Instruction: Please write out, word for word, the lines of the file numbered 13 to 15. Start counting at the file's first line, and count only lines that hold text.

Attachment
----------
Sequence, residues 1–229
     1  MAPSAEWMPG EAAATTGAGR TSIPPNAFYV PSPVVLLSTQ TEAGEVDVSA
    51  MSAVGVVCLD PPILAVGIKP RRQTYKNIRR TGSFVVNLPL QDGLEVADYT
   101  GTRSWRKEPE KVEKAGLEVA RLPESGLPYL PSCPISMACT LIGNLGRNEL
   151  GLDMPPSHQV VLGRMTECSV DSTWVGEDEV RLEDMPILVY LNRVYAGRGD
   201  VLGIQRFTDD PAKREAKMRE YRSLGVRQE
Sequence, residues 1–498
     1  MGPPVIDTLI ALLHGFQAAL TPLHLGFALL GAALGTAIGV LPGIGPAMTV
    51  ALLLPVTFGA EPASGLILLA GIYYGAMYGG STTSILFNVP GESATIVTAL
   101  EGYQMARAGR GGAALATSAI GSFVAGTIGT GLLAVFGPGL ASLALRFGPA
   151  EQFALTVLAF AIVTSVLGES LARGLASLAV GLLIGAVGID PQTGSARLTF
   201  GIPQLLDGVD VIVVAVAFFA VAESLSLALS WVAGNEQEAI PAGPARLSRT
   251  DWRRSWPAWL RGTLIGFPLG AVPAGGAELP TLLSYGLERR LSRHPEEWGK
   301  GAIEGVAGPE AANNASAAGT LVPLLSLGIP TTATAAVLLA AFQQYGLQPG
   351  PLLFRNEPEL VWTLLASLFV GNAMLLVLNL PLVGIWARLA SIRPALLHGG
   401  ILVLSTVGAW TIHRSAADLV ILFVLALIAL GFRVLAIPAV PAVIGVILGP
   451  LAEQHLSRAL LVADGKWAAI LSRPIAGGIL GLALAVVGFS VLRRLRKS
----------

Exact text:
   251  DWRRSWPAWL RGTLIGFPLG AVPAGGAELP TLLSYGLERR LSRHPEEWGK
   301  GAIEGVAGPE AANNASAAGT LVPLLSLGIP TTATAAVLLA AFQQYGLQPG
   351  PLLFRNEPEL VWTLLASLFV GNAMLLVLNL PLVGIWARLA SIRPALLHGG